The new Aarto Act will presume motorists guilty until they prove innocence, litigators warn
Pretoria - The new amended Administrative Adjudication of Road Traffic Offences (Aarto) Act to be rolled out in June will presume motorists guilty until they prove themselves innocent.
This was said by litigators Howard Dembovsky, the chief executive of Justice Project South Africa and his associates from De Klerk and Marais Incorporated, who appealed to South Africans to wake up and smell the coffee because this was wrong.
Dembovsky addressed the media in Hatfield to highlight various concerning foundational provisions in the Aarto Act that’s already signed into law.
He said, to be clear, he did not have a problem with the points demerit system that will be ushered in by the act because South Africa should have had that kind of road safety system many years ago.
It was, however, the idea that motorists would be presumed guilty of infringements until proven innocent that bothered him.
This, he explained, was unconstitutional in the sense that the constitution actually presumes people to be innocent until proven guilty, but the act was going to presume vice versa in the case of motorists.
Dembovsky called on the public to jump on board and support the litigation that was made back in April 2018.
This would help avoid complaining about the act on social media when it’s already too late.
He has called on the public and organisations to fund the litigation that’s been waiting for a date for two years to step in court and argue against the official opponent who responded to the litigation.
These included Minister of Police Bheki Cele, Minister of Transport Fikile Mbalula, Road Traffic Management Corporation and Shareholder committee, and the City of Tshwane and Johannesburg’s metro police departments.
Dembovsky said although the process to amend the act underwent the process of public participation, it focused mainly on road safety instead of the infringement systems.
He said: “In short, was the public consultation something I could turn around and say was meaningful? No. Was it the government's fault? No, it was our fellow drivers and vehicle owners’ fault for literally sitting on their hands and not being aware, and allowing themselves to be led by their noses and believing that this is a road safety thing.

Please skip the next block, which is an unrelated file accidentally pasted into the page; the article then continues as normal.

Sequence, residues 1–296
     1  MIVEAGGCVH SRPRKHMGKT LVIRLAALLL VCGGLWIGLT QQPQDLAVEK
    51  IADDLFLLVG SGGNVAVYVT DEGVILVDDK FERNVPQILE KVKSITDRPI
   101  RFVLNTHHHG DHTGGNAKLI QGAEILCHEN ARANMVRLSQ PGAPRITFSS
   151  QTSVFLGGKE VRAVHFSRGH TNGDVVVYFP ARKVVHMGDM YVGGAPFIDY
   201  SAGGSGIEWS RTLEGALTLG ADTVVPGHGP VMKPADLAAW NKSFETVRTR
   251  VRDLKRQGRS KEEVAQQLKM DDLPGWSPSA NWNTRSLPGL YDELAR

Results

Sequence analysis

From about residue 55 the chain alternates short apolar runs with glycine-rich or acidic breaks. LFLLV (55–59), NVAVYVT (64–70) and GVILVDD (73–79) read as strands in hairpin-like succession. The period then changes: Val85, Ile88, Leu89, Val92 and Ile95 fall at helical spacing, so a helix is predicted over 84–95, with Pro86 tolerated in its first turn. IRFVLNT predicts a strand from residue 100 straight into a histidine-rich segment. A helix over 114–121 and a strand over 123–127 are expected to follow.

He said of course everyone wants road safety. However, road safety is enforced by the criminal procedure act, not the Aarto Act. The Aarto Act deals with infringements, and it’s where motorists would be presumed guilty until proven innocent, something that bothers Dembovsky.
He said the infringement industry was worth billions and 50% of its fiscal benefits central government.
“What’s going to stop a government or a City in need of money to send traffic officers to the streets to write as many fines as possible because we know the central government needs money?”
Dembovsky said this new amended act was basically a process of converting traffic fines to invoices and giving government powers to say “pay these fines or we’ll hurt you.”
“How are you going to prove, for example, if a traffic officer alleges that you failed to come to a stop at a stop street?
"How are you going to prove in writing that you did?
"That’s why we have trial courts because in the trial courts it is the up to the accuser to prove the allegations, not the accused persons to prove their innocence.”
Dembovsky is hoping that the matter could be heard in court before the act is rolled out nationally. He said he did not want to focus on rumours or allegations of manipulations as to why it hasn’t been heard inside court since 2018 despite the litigation.
He’s calling on South Africans and activism organisations to answer his call to work together to fight the government on this matter.
Other organisations he has approached have not responded.